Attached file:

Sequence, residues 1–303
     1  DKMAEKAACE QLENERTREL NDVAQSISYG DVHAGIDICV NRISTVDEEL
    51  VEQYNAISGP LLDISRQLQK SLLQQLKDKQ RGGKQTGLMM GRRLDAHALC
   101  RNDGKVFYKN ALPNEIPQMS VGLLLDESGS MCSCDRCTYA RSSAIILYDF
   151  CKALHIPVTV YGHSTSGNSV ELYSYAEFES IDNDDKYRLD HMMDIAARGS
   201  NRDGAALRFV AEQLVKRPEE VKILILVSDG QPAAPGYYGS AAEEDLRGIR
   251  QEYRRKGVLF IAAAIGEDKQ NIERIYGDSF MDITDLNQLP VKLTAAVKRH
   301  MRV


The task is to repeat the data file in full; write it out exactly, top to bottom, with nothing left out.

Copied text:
Sequence, residues 1–303
     1  DKMAEKAACE QLENERTREL NDVAQSISYG DVHAGIDICV NRISTVDEEL
    51  VEQYNAISGP LLDISRQLQK SLLQQLKDKQ RGGKQTGLMM GRRLDAHALC
   101  RNDGKVFYKN ALPNEIPQMS VGLLLDESGS MCSCDRCTYA RSSAIILYDF
   151  CKALHIPVTV YGHSTSGNSV ELYSYAEFES IDNDDKYRLD HMMDIAARGS
   201  NRDGAALRFV AEQLVKRPEE VKILILVSDG QPAAPGYYGS AAEEDLRGIR
   251  QEYRRKGVLF IAAAIGEDKQ NIERIYGDSF MDITDLNQLP VKLTAAVKRH
   301  MRV